Opinion & Analysis

A window to the ‘inclusive’ green energy economy

India needs special institutional structures within leading public financial institutions to cater to market segments that do not attract commercial capital at competitive terms.

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Policy can spell success or failure for EVs in Europe

Since 2017, several European governments have announced bans on sales of conventional gasoline and diesel vehicles. Countries like France and the United Kingdom have set bans to come into force by 2040, while Norway has set a more ambitious goal of 2025. Raquel Soat, Research Analyst at Navigant, looks at how policy might affect European electric vehicle markets over the coming years.

An overview of the world’s largest solar parks

Solar pioneer Philip Wolfe lists the world’s largest solar parks. In these articles, a ‘solar park’ is defined as a group of co-located solar power plants.

Andhra Pradesh pulls back on open access solar

The state has decided to withdraw almost all incentives available to open access solar, including exemption from electricity duty and distribution losses for projects injecting power at 33 kV or below. The policy reversal—clearly to appease state discoms—is likely to impact capacity addition.

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Manufacturing the Manufacturing Policy for Indian Solar Modules

India needs a manufacturing policy that is scalable, secure, strategical and supportive and promotes both the growth and spread of solar while protecting the interests of domestic manufacturers.

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Developing an energy sector vision in Andhra Pradesh – IEEFA India

Situated in south-east India, the state of Andhra Pradesh is a leading producer of renewable energy with 7.2 GW of installed capacity as of December 2018. The state’s share of renewable energy as part of total capacity has trebled in the last four years from 11% in 2014 to 30% in 2018.

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Solar in India: The 10 Year Challenge

The last 10 years have seen India emerge as a solar superpower, setting an example from which many emerging countries in Africa and Southeast Asia are eager to learn.

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Flexing India’s energy system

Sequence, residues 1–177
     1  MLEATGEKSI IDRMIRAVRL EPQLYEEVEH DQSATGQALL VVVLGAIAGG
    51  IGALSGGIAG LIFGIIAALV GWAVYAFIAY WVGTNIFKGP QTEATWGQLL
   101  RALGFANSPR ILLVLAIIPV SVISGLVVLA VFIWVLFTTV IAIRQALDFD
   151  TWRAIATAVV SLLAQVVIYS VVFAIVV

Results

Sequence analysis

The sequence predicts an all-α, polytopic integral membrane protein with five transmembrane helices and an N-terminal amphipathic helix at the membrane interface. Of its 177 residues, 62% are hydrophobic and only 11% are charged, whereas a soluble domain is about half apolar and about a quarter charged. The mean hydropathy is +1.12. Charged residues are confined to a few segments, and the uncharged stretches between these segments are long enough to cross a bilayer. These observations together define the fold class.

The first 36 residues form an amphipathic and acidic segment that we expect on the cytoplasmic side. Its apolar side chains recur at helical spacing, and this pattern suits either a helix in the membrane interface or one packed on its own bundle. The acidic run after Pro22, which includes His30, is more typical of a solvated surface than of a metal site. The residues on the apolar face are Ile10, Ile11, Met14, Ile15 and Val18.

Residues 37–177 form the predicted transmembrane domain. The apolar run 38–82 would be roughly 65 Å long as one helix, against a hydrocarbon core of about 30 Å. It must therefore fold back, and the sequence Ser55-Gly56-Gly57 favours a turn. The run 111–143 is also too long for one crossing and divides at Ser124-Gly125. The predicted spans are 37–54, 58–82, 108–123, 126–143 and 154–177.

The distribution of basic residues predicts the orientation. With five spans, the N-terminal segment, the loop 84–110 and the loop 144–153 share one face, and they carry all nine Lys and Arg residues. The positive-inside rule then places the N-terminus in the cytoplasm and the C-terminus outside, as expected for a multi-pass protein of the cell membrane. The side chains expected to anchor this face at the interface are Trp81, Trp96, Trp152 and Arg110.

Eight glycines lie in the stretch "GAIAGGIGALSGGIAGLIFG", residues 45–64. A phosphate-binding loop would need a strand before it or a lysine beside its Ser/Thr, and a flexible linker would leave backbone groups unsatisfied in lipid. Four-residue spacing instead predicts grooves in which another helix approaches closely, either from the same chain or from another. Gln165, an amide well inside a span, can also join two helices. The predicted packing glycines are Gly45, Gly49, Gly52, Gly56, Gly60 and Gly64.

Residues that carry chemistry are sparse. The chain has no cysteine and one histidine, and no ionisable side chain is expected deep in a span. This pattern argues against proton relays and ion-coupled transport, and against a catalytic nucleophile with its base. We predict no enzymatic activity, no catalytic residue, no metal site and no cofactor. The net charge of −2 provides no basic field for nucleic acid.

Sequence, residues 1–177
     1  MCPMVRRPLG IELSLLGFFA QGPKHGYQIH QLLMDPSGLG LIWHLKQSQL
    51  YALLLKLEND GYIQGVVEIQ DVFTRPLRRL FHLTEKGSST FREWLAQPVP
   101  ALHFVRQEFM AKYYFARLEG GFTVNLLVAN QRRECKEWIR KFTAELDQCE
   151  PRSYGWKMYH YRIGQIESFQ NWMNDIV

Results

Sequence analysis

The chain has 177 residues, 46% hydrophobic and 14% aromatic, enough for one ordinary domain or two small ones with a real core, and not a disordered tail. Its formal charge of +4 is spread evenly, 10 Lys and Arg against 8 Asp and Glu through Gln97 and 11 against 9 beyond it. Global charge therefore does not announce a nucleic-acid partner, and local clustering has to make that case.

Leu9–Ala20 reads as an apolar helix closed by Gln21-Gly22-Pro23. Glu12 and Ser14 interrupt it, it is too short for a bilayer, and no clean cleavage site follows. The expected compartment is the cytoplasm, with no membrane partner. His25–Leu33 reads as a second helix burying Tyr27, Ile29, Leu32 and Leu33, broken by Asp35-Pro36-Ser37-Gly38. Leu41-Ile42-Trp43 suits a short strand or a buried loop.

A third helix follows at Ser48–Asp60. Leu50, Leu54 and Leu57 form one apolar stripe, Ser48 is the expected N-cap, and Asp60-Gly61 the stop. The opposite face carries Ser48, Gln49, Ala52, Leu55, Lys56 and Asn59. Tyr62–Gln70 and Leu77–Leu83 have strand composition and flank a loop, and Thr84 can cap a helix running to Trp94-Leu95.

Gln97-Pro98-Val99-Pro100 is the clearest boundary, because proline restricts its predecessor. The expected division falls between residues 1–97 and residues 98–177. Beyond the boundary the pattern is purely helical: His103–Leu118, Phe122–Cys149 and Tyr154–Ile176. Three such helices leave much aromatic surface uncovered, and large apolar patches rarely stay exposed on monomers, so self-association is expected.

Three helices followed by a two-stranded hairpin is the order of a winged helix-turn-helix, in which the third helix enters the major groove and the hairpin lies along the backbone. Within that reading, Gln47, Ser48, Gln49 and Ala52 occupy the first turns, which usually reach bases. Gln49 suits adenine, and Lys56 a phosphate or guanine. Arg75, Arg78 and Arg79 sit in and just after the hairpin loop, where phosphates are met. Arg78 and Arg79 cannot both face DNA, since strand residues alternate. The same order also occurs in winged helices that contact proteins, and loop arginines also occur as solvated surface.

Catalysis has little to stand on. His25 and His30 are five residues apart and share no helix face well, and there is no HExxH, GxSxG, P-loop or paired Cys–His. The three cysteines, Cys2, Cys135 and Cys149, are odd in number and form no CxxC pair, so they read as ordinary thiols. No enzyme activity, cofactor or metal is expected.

India has set exceptionally ambitious renewable energy targets including 175 gigawatts (GW) of renewables by 2022, 275GW by 2027, and to achieve 40% of electric power installed capacity from non-fossil fuels by 2030. India seeks to tender another 80GW of renewables in total over the coming two years.

Opening green windows for an inclusive clean energy transition: Future financing tools

In recent years, the Ministry of New and Renewable Energy (MNRE) has laid the foundation for a clean energy expansion through robust policies and initiatives. India’s solar energy capacity has jumped a thousand-fold from a mere 17 MW in 2010, to more than 23 GW in 2018. Similarly, the wind market has more than doubled in recent years, from around 13 GW of installed power in 2010, to 34 GW by June 2018. These developments help move India closer to its ambitious clean energy goal of 175 GW installed capacity by 2022. However, in spite of several public financial institutions, private banks, and non-banking financial companies (NBFCs) providing capital, financing remains a key barrier in scaling India’s clean energy markets further.

Renewables 2.0: Preparing for the new complexity of renewable energy in a post-subsidy world

As the deployment of renewable energy continues to expand around the world, driven by various inputs, such as capital allocation and investment, falling capital costs, competitive LCOE and various policy mechanisms, we are now moving towards a new era for renewable energy. ‘Renewables 2.0’ will have significant, wide-ranging consequences for all market players, as regulators reduce their support and power producers seek new revenue models. In this article, Duncan Ritchie, partner at Apricum – The Cleantech Advisory, will look at the key market developments for renewables, explode the myth of grid parity, highlight the need for flexibility and explain the importance of new financing solutions that are capable of meeting the new complexities brought about by ‘Renewables 2.0’.

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